PAstrychef wrote:The whole idea that because Israel has this sophisticated defense against rockets it should just ignore the attacks confuses me.
It's as if I had to build a garage to protect my car from sprays of acid, and because I keep my car in the garage, I have no right to complain about the acid spray coming from next door.
I'm also confounded by the fact there are whole crowds of folks who see the *amazing progress* made over the years by using this tactic and still think it's a functional way to get anywhere.
I hate analogies, but that's not how I'm reading most of the criticism of Israel. If Hamas is the guy spraying acid at your car, Israel's response has been to build a garage AND bulldoze the house next door. There are options between "do nothing" and "level Gaza with air strikes".
Honestly, if the dude next door to you has sprayed acid at you endlessly, and will not stop no matter what, the cops probably would come for him. If bulldozing the house is required to get to him, that'd be what happens.
That's...sort of how society deals with someone who will not stop initiating violence. Eventually you escalate until the violence is stopped.
I agree that the analogy is somewhat tenuous, but Pastrychef's point about expectations is perfectly valid. The expectations for Israel seem unusually high compared to elsewhere.
natraj wrote:that still doesn't actually prove anything except that israel is doing a better job of targeting males of a certain age? which only matters if you assume by definition that males of a certain age are combatants. so yeah if you define "being a gazan young adult male" as "being a combatant" then they're doing a better job of not targeting civilians.
which is a thing that happens; it's the same way obama tried to claim drone strikes in pakistan weren't killing many civilians: by redefining all males of a certain age who died as militants inherently. so yes if we use that same logic on this conflict then there are minimal civilian casualties. but i'm not really comfortable with making the inherent assumption that obviously all young gazan males are militant by definition.
Not everyone in that demographic is a combatant, no. But this is consistent with Hamas reporting military combatants as civilian(which, as someone pointed out, is policy), and Israel targetting combatants.
You could probably decently spitball the number of combatants by assuming that the quantity of noncombatants in that demographic are roughly equal to an equal demographic outside of it(women of the same age, for instance). That still leaves you with a significant number of probable combatants.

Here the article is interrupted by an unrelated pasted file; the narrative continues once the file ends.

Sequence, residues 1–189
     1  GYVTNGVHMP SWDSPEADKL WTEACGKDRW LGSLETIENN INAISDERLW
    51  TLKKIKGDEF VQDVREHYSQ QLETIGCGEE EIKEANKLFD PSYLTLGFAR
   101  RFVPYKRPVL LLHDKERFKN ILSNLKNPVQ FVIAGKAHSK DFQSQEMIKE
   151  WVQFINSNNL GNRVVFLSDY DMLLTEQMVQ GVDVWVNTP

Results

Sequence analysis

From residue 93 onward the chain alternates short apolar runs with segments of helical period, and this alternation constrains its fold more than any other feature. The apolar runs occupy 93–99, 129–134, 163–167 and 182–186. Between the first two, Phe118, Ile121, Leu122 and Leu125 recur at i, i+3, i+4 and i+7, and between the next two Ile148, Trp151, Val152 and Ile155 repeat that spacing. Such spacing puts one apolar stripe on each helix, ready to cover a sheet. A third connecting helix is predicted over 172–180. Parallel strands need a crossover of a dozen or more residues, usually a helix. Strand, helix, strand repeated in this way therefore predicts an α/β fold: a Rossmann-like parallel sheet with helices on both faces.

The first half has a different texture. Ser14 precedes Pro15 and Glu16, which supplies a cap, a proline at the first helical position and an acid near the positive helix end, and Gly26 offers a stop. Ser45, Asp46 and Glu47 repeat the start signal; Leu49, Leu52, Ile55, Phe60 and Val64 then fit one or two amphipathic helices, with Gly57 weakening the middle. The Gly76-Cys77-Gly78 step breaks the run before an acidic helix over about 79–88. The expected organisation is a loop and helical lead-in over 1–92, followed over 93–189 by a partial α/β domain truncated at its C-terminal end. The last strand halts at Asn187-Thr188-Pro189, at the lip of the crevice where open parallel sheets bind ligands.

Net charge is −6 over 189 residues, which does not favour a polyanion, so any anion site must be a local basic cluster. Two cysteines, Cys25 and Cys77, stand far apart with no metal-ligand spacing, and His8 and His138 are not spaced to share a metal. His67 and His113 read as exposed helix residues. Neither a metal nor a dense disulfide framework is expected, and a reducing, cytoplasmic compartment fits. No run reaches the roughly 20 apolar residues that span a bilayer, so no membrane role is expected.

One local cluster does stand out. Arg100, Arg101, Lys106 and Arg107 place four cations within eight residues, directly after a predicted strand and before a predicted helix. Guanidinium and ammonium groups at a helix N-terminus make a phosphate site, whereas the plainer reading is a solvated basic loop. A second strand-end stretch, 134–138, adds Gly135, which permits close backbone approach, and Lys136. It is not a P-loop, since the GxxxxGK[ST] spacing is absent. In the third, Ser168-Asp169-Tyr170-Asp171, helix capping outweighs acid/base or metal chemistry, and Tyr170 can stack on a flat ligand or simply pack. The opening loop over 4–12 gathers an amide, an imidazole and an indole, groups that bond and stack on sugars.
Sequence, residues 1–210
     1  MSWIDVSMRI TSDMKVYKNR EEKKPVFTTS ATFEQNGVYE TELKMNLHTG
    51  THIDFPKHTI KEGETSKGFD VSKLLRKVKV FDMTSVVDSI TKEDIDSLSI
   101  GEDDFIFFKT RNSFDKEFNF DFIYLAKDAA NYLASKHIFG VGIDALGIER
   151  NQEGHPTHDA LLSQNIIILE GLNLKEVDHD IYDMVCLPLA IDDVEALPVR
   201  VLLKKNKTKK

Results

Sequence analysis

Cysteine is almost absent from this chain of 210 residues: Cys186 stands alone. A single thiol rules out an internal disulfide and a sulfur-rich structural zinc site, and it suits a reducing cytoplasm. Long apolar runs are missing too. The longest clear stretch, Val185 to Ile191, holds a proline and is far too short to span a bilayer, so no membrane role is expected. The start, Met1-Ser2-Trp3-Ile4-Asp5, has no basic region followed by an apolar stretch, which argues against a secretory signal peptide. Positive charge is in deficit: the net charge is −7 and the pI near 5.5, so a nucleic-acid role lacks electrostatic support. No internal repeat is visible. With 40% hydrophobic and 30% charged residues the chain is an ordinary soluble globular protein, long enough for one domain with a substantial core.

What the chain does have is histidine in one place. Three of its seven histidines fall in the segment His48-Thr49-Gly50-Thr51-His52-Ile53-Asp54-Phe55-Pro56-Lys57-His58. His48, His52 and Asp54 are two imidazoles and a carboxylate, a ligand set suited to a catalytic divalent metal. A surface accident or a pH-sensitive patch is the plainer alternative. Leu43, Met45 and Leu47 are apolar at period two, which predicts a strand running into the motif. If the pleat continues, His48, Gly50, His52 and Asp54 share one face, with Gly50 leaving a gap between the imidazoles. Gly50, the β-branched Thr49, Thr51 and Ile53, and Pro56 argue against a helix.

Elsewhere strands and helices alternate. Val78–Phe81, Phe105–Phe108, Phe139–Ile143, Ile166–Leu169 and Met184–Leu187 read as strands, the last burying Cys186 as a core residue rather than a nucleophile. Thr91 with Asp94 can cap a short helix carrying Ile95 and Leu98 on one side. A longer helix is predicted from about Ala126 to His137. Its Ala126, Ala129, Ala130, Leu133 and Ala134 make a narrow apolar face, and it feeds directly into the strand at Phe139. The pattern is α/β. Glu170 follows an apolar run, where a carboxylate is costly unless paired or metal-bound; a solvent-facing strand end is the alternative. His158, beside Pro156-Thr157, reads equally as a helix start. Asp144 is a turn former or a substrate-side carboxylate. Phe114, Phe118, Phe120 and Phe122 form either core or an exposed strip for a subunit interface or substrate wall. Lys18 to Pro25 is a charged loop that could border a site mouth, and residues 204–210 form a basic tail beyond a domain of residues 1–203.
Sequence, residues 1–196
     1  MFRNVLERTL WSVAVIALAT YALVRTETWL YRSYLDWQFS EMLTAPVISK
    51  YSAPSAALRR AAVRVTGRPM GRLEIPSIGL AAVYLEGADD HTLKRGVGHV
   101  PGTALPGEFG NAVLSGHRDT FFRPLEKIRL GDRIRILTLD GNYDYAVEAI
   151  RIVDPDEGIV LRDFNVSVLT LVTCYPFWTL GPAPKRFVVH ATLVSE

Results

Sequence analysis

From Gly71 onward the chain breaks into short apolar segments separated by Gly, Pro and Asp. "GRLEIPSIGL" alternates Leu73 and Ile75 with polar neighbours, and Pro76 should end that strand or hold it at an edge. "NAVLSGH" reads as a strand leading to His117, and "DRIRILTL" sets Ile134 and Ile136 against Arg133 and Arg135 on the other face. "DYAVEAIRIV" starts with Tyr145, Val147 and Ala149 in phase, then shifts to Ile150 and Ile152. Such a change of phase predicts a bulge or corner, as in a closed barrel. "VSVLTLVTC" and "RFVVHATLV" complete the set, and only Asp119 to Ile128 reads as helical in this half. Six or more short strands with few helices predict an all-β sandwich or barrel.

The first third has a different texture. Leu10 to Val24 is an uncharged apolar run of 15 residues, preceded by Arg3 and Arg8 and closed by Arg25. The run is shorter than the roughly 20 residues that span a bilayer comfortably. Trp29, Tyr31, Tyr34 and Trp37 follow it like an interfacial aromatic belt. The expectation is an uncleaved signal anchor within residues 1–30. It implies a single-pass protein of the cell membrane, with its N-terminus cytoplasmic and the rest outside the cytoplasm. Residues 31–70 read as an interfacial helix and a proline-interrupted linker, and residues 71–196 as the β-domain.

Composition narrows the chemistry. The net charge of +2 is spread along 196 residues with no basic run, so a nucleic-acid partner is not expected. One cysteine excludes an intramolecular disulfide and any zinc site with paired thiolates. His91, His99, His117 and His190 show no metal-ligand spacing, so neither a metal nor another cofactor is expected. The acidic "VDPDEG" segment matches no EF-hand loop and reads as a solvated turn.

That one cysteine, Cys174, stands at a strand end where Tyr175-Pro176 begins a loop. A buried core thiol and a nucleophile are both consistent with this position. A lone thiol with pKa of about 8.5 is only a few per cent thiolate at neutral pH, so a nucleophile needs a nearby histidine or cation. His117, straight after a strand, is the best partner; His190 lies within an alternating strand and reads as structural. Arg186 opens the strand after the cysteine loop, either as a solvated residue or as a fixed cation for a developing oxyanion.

As for what is effective...well, perceptions vary. What you see as a worthwhile cost may not be the same as what another party sees as a worthwhile cost. Additionally, there is the troublesome factor that if "killing attackers" is considered a cost, then a cost-averse country can be effectively controlled by a power willing to spend lives freely. Giving power to such leaders seems...unwise.
Paul in Saudi wrote:The rockets are smuggled in and stored at great danger and cost. Others are hand-made at great danger and cost. Now the Palestinians are in a "use it or lose it" situation and are popping them off like mad. Eventually the number fired goes down. Is that because they ran out of rockets or, as you maintain, because of Israeli actions?
Almost certainly both. Any rocket captured before firing, blown up, not made due to destroyed or captured supplies, etc...cannot be fired. So, from a supply perspective, the Israeli actions are almost certainly causing some reduction. I don't have any great way to measure exactly how much, though.
I do not understand how people can say "it's not about rockets", though. Even if deaths are low, injuries happen. Property damage happens. Look, if the Mexico started firing rockets across the border into the US...we'd have us an international incident. Even if nobody died. Life isn't just about deaths.
yedidyak wrote:Imagine if Al-Qaeda had a tunnel that opened into a town in the US, what lengths would the US go to to stop that?
A single attack that was essentially unrepeatable was enough for them to spend billions of dollars invading and occupying two countries on the opposite side of the world; I can't imagine they'd be any more tolerant than Israel has been were they under constant fire.
I suspect we would have responded with utterly ludicrous amounts of force, and the problem would have eventually been solved by nobody standing to shoot back.